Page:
PIKETON, Ohio – An innovative aquaculture program offered by the College of Food, Agricultural, and Environmental Sciences at The Ohio State University will hold a workshop July 10-11 to provide an in-depth look at the increasingly popular fish farming industry. Held at the Ohio Center for Aquaculture Research and Development at Ohio State University South Centers in Piketon, the workshop will offer current and future fish farmers, and anyone else interested in aquaculture, an opportunity to learn more about managing a fish farming operation, said Estefania James, an Ohio State University Extension aquaculture program coordinator. OSU Extension is the outreach arm of the college. The OSU South Centers also are part of the college. Aquaculture -- which includes the breeding,...
  8. Grain C.A.R.T. Photo: OSU Extension

    Ohio State to Hold Grain Bin Rescue Demonstration June 26

    PAULDING, Ohio — Agriculture safety experts with the College of Food, Agricultural, and Environmental Sciences at The Ohio State University will hold a demonstration June 26 to help educate growers on grain bin safety. Ohio State University Extension educators, first responders with the Ohio Fire Academy and Paulding County firefighters will hold the grain bin rescue demonstration at 6:30 p.m. at the Paulding County OSU Extension Office, 503 Fairground Drive in Paulding. The demonstration is part of a two-day training program for farm families, 4-H youth, grain bin elevator employees, firefighters and first responders, said Sarah Noggle, an OSU Extension educator. The program will include demonstrations using the Grain Community Agricultural Rescue Trailer (C.A.R.T.) — Ohio...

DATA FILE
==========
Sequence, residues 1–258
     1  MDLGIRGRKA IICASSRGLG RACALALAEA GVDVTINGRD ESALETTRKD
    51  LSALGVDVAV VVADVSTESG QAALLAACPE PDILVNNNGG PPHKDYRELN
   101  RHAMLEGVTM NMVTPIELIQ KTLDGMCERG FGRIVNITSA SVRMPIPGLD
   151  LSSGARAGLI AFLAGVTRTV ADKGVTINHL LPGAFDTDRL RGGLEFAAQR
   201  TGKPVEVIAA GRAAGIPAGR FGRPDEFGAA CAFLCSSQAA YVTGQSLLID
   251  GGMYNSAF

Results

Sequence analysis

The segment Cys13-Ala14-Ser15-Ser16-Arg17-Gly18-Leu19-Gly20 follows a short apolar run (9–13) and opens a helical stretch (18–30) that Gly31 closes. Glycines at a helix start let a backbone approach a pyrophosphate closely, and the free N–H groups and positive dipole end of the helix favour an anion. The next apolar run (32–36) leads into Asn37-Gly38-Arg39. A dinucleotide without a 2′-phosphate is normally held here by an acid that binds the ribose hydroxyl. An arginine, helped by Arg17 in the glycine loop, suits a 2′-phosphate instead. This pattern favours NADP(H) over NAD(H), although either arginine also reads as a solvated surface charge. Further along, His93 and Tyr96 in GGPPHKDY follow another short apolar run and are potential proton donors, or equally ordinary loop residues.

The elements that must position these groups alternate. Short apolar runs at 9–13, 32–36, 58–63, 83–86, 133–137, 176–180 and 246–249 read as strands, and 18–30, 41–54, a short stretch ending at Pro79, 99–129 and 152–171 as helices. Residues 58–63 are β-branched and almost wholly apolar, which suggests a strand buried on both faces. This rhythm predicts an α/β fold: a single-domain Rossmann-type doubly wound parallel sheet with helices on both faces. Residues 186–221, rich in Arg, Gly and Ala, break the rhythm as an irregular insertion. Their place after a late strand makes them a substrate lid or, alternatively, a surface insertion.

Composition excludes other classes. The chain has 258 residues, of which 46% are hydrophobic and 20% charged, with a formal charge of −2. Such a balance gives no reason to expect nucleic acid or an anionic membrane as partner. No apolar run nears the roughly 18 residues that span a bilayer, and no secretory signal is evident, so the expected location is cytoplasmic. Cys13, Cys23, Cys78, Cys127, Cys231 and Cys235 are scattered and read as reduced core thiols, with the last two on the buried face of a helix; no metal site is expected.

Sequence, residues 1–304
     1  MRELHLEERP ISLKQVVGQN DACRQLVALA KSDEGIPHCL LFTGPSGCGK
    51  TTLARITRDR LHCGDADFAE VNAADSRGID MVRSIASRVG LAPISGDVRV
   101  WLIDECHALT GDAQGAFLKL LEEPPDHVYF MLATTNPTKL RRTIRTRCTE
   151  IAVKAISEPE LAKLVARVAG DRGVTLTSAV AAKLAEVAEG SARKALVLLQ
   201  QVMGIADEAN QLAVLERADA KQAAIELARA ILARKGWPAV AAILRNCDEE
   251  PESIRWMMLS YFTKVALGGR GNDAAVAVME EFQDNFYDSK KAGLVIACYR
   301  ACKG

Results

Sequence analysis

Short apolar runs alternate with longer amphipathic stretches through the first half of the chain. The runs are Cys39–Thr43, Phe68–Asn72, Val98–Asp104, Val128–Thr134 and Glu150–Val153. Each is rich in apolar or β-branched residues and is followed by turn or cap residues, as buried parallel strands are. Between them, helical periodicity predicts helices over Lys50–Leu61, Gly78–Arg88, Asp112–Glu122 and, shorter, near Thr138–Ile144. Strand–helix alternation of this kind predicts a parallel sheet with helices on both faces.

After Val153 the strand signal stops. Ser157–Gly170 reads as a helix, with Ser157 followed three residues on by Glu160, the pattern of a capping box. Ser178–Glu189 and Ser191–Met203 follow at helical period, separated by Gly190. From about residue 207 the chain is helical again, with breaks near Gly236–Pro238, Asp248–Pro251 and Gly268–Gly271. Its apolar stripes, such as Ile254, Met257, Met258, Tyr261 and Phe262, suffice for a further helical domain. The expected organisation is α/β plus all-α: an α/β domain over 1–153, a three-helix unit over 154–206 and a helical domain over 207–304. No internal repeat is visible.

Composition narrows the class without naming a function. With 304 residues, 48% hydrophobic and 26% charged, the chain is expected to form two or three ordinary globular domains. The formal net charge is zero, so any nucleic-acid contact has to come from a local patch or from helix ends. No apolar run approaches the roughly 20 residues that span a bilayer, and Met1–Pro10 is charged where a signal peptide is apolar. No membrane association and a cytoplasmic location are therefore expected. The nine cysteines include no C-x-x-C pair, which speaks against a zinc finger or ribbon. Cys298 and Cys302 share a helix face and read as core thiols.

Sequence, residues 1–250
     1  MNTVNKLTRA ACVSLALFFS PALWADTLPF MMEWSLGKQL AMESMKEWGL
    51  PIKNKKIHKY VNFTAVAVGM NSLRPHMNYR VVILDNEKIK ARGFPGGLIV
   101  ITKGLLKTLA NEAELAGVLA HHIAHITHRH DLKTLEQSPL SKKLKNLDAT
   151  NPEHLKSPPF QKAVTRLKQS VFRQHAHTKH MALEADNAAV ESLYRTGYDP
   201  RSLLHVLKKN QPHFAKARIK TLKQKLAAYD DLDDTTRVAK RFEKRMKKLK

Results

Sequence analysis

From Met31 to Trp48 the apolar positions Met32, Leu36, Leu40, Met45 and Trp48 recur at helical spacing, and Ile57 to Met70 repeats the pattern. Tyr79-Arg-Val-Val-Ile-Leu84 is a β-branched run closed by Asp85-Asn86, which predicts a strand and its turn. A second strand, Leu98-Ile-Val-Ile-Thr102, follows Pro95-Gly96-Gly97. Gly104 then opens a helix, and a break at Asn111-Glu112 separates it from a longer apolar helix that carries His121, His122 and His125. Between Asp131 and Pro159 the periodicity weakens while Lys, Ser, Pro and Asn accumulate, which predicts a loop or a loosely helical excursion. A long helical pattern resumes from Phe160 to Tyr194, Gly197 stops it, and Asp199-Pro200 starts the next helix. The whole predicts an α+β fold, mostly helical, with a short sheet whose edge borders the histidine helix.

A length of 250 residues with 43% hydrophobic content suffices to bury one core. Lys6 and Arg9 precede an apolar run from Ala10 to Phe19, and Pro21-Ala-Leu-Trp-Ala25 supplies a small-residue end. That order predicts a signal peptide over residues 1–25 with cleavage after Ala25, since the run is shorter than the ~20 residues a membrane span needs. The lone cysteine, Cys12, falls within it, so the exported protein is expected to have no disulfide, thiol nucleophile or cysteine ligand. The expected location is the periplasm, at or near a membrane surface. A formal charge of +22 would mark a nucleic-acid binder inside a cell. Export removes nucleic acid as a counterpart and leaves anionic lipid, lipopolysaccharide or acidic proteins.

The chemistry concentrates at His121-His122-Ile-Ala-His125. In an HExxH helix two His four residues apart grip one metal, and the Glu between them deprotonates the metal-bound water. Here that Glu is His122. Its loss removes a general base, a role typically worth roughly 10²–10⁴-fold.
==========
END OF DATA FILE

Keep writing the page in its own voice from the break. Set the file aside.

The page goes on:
9. image of kids using mobile device with parents in the background

    Family Fundamentals: Too much screen time? A word on setting limits

    My 12-year-old daughter is using our family’s mobile device quite a bit this summer, primarily playing games, watching videos and chatting with friends. My wife and I agree that she’s getting too much screen time, but we disagree on setting limits. Do you have any recommendations? You are not alone. A point of contention in many families these days is limiting children’s time in front of screens — whether they’re televisions, computers, tablets, games or smartphones. In late 2013, the American Academy of Pediatrics set some guidelines based on research saying that the average 8- to 10-year-old spends nearly 8 hours and teens spend more than 11 hours a day in front of a screen. In addition, the academy reported that about 75 percent of 12- to 17-year-olds own...
  10. Ohio’s Extension Leader Retires After Long, Productive Ride

    COLUMBUS, Ohio — This cowboy isn’t riding into the sunset. Come June 30, Keith Smith’s last official day as director of Ohio State University Extension, you will find him on campus bright and early, riding herd over a series of business meetings and sporting his signature cowboy boots. Smith retires after 35 years at The Ohio State University, 23 of them as head of Extension. Leading up to his last few weeks in office, he showed no signs of slowing down. “I promised to stay engaged until June 30, and I am,” Smith said, after working until 9 p.m. the day before. “I’m trying not to leave too many untied ends.” “Keith has led the organization through significant growth and has been a steady guide all the way through his final days as...